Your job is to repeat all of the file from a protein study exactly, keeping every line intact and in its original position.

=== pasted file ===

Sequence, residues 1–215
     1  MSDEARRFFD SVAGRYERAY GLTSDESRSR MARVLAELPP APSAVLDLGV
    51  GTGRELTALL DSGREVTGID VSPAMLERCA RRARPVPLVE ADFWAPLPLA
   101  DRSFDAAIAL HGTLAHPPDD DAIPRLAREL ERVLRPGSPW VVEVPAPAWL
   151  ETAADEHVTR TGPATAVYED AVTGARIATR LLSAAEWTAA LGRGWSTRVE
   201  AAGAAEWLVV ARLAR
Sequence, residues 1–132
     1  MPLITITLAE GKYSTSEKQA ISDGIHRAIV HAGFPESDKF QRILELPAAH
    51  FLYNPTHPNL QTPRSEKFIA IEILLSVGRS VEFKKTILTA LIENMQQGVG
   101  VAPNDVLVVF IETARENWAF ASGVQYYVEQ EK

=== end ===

Sequence, residues 1–215
     1  MSDEARRFFD SVAGRYERAY GLTSDESRSR MARVLAELPP APSAVLDLGV
    51  GTGRELTALL DSGREVTGID VSPAMLERCA RRARPVPLVE ADFWAPLPLA
   101  DRSFDAAIAL HGTLAHPPDD DAIPRLAREL ERVLRPGSPW VVEVPAPAWL
   151  ETAADEHVTR TGPATAVYED AVTGARIATR LLSAAEWTAA LGRGWSTRVE
   201  AAGAAEWLVV ARLAR
Sequence, residues 1–132
     1  MPLITITLAE GKYSTSEKQA ISDGIHRAIV HAGFPESDKF QRILELPAAH
    51  FLYNPTHPNL QTPRSEKFIA IEILLSVGRS VEFKKTILTA LIENMQQGVG
   101  VAPNDVLVVF IETARENWAF ASGVQYYVEQ EK